Monday, August 28, 2017

Children & Youth Ministry as Resistance: A Brief Word for #BackToSchool


We were talking at home the other day about how, in many ways, to raise a family and rear children in the way of love, welcome, and commitment to justice is to participate in the faithful resistance to empire. When we say, “as for me and my house, we will serve the LORD,” (Joshua 24:15) we are declaring our commitment to a counter-narrative to those of hatred and oppression that have been given a renewed platform by those in positions of power.  When we read Scripture and pray at table or bedside, the stories we choose and the content of our prayers reinforces to our children what it means to be a people who follow Jesus in such a time as this. 

The same is true for those who serve in varied forms of children and youth ministry. In every age, to include our own, children and youth ministry is critical and subversive discipleship work. This work moves beyond Bible trivia, church membership programs, sporadic mission blitzes, and the handing down of abstract doctrinal statements into the craniums of young people. Instead, this work aims to equip young people for a counter-movement of love and generosity, forgiveness and welcome, justice and commitment to God’s preferential option for the poor and oppressed.  

Children and youth ministry is not about the preparation of future leaders in the church, although partially true, but strives to empower change agents in the here and now. This ministry is about joining them in their efforts to embody the gospel in the places they have discerned most pressing. Children and youth ministry is about nurturing the prophetic imaginations of Jesus' youngest disciples as we trust the Spirit’s movement in and through them. 

As social media feeds are flooded with chalkboard #backtoschool photos (we posted our own), my prayers are with those who serve in various capacities of children and youth ministries. I pray for mentors, teachers, listeners, counselors, and facilitators of conversations able to spark small and large expressions of faithful resistance. I pray for school administrators, faculty members, and coaches who worship in the pews on Sunday and walk into school campuses on Monday. I pray for Sunday School teachers, choir directors, and ministers and youth directors. I pray for weekend retreats, before and after-school programs, and fellowship gatherings that cross all lines of division based on race, class, language, and religious tradition. I pray that in each and every way adult disciples walk alongside children and youth, that they would do so aware of the significance of their call. I pray the church would equip all for their vocation, too.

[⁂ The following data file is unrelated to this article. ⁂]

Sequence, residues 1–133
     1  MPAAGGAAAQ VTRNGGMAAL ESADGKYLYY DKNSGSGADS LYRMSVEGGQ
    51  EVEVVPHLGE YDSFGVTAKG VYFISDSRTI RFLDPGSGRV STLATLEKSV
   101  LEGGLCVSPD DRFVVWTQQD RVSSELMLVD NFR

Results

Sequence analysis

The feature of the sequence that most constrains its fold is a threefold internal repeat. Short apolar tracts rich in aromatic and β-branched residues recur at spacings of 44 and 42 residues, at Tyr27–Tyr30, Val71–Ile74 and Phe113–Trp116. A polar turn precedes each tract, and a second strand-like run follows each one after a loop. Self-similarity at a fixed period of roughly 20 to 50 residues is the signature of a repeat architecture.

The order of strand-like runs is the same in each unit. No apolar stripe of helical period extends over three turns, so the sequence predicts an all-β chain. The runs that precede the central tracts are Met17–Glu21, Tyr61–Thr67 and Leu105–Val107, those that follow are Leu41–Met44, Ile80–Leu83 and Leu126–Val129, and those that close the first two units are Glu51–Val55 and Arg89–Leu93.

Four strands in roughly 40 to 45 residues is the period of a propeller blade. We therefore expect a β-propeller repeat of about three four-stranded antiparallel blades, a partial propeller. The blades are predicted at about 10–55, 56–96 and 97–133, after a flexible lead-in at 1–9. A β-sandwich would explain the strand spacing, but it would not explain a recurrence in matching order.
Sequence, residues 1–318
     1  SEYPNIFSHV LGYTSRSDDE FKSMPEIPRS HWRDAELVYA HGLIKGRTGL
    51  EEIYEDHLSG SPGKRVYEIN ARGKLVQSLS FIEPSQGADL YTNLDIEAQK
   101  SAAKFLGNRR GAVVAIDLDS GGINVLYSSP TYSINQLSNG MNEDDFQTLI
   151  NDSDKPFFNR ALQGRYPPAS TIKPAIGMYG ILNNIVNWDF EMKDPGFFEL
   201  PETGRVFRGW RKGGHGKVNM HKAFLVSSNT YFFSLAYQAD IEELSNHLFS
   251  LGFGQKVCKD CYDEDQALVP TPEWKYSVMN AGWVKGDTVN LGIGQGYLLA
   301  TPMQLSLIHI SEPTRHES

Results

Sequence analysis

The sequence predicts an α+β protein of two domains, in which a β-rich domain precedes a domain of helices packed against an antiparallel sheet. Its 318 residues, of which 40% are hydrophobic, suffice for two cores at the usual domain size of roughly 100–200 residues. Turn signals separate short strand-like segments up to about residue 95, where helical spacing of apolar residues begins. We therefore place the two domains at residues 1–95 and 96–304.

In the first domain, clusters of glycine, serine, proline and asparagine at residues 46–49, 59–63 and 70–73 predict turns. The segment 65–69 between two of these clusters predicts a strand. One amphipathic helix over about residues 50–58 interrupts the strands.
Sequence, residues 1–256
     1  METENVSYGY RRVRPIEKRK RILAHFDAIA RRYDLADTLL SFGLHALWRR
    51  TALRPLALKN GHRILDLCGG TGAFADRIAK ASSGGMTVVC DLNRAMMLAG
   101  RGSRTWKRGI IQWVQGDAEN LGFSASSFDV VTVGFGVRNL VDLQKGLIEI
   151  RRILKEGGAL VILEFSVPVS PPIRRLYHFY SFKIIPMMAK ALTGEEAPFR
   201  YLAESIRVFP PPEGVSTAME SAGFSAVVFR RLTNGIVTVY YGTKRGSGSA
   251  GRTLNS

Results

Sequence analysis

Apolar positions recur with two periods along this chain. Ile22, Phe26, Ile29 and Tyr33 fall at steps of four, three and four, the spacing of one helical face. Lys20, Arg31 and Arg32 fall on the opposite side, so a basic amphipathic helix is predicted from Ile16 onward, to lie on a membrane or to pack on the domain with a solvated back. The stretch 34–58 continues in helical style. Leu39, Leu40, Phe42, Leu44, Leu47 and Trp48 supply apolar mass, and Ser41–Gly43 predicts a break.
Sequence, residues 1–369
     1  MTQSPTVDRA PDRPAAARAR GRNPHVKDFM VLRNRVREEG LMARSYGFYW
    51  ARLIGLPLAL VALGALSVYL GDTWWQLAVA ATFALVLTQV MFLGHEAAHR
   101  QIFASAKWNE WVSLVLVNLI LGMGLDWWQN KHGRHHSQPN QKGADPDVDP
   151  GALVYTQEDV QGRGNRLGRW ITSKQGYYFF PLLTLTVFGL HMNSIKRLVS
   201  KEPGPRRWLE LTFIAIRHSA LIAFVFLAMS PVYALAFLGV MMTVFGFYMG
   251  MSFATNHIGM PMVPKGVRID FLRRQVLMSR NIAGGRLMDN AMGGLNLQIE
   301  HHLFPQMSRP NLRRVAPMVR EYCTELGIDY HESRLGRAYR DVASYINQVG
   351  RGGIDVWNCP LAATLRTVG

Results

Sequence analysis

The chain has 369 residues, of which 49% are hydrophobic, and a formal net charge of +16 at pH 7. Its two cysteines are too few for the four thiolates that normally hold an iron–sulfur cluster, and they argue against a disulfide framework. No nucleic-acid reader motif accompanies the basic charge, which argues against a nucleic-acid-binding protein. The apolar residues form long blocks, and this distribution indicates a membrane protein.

Even more, I pray for the children and youth. 
I pray they would know they have been called for such a time as this. 
I pray they would know God’s love is not based on the best or worst thing they have done, but rooted in the very image they were stamped with before they could even take a breath or speak a word. 
I pray they would know they are loved to love and blessed to be a blessing.
I pray they would feel empowered by adults to resist evil as an extension of their baptism whenever they feel their most vulnerable neighbors are being exploited by either church or state. 
I pray they would experience the church as a place where their questions about the intersection of faith and public life are welcomed as much as their neighbor whom they invited to the mid-week event. 
I pray the Bible and church history would come alive to them as they learn of the great cloud of witnesses who participated in the resistance against systemic injustices, even those perpetuated by religious institutions and traditions. 
I pray they know the world can and will be better because of the contributions they make, even as they lead us closer to the day when God once and for makes everything new and right again. 

Every day, as I move through the car line at drop off, I pray these prayers for my children and yours. It is one way I commit to the resistance that is the gospel, especially as we send our children back to school. 

"However we may be justified in wagging our heads over modern youth's fantastic drive for freedom, it is certain that our final attitude cannot be surprise and opposition; the youth movement of the present time in all its phases is directed against authority for its own sake, and whoever desires to be an educator today must...stand in principle upon the side of our younger people” 
---Karl Barth, The Word of God and the Word of Man, p. 292

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